After being greeted very warmly by a delegation from the university, we enter an arrival hall, where a couple of short speeches are held and Chomsky says few words to a bunch of cameras. After that we are seated in fauteuils and served juice. The speeches and the formality are a prelude to what is to come in the next three days.
After a short break we are driven to our hotel. Rafah is just under 40 km from Gaza city. We get a first impression driving through in part ruinous neighbourhoods. A spectacular sunset in the Mediterranean. I’m not sure any of us has digested that we’re driving through Gaza. I feel like in a different reality. Which, I suppose, is where we are: we have just entered the biggest prison in the world. Roads not in great condition, so our trip lasts a good hour. We check in to a hotel that is much too nice. While under the shower, the first blackout. Gaza suffers from hour long blackouts every day. This one, however, lasts less than a minute. The privilege of being put up in a hotel whose generators kick in instantly. We have all already seen evidence that Gaza, like everywhere on earth, has small pockets where people live either comfortably or in wealth. Unequal distribution of wealth is ubiquitous, even for those who inhabit the largest prison on earth. Later in the evening we are picked up and driven to the university, where we are welcomed warmly by many people and fed copiously on a lawn among the university buildings, one of which is still in ruin from 2008 bombing. (I didn’t manage a good photo, but it is visible enough below on the right-hand side.)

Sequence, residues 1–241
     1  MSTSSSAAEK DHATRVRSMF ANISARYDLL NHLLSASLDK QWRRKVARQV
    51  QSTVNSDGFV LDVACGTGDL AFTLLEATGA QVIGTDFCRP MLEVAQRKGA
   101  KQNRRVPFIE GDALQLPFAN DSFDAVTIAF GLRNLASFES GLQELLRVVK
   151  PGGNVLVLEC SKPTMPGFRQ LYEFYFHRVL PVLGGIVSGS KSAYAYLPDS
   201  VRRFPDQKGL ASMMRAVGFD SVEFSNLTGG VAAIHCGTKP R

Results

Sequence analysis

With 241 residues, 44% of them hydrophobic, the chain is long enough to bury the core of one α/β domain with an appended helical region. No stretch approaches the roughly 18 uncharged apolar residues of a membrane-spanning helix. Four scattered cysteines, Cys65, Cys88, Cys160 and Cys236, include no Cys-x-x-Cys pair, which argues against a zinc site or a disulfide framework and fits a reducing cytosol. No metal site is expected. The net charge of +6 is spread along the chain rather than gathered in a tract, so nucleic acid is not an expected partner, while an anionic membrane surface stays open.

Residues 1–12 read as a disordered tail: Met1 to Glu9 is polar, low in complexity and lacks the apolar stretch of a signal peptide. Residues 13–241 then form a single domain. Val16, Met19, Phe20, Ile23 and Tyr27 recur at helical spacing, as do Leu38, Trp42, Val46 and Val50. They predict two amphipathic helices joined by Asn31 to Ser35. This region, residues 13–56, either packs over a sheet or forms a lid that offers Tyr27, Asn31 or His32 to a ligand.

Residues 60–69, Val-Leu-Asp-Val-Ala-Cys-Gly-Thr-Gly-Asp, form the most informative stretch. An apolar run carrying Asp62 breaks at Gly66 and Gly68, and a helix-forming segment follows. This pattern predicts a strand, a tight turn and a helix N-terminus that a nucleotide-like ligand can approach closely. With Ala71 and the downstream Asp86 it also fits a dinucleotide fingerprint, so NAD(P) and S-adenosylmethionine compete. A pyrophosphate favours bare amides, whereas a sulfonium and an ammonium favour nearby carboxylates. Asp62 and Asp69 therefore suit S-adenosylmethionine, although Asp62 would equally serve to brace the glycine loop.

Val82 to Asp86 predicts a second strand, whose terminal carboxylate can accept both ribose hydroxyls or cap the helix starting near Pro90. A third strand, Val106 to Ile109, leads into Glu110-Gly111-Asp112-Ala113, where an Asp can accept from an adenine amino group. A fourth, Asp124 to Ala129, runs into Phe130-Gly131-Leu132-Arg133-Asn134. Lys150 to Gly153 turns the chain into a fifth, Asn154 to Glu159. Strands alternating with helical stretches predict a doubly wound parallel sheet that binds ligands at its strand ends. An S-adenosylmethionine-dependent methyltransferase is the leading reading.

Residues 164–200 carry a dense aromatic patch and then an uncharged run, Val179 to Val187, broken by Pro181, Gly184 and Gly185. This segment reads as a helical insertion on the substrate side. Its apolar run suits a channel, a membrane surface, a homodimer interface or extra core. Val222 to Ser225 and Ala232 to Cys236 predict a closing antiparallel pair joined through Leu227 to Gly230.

The hospitality is overwhelming. We are all tired. Speeches from university officials, then Chomsky and David Heap say a few words. We are all so very happy to be here.
Addendum: I had forgotten to mention before that we were then all presented with a shawl: